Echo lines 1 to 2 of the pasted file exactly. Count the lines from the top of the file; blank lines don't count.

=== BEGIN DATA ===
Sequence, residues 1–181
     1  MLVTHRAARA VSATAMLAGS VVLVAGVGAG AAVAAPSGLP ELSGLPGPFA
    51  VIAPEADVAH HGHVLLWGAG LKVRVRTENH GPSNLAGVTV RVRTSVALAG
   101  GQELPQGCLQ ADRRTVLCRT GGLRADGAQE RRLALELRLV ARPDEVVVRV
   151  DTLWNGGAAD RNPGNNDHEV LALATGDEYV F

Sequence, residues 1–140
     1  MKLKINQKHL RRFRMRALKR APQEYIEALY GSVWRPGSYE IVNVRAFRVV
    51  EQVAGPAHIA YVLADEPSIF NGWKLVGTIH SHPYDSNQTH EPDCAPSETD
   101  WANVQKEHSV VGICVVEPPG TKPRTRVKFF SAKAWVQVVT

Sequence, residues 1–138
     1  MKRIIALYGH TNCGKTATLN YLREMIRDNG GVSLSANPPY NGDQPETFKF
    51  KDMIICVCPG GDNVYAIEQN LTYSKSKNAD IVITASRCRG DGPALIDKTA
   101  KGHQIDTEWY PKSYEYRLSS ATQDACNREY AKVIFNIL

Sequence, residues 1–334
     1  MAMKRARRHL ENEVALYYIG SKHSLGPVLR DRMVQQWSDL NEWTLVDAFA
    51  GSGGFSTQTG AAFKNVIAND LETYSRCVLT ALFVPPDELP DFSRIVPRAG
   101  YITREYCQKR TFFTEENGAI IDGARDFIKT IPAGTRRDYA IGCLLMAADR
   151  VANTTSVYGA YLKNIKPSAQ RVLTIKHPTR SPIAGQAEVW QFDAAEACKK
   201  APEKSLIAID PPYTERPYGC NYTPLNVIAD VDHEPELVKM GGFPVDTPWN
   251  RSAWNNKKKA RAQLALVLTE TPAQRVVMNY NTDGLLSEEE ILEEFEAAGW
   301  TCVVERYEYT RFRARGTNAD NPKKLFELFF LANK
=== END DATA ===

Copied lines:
Sequence, residues 1–181
     1  MLVTHRAARA VSATAMLAGS VVLVAGVGAG AAVAAPSGLP ELSGLPGPFA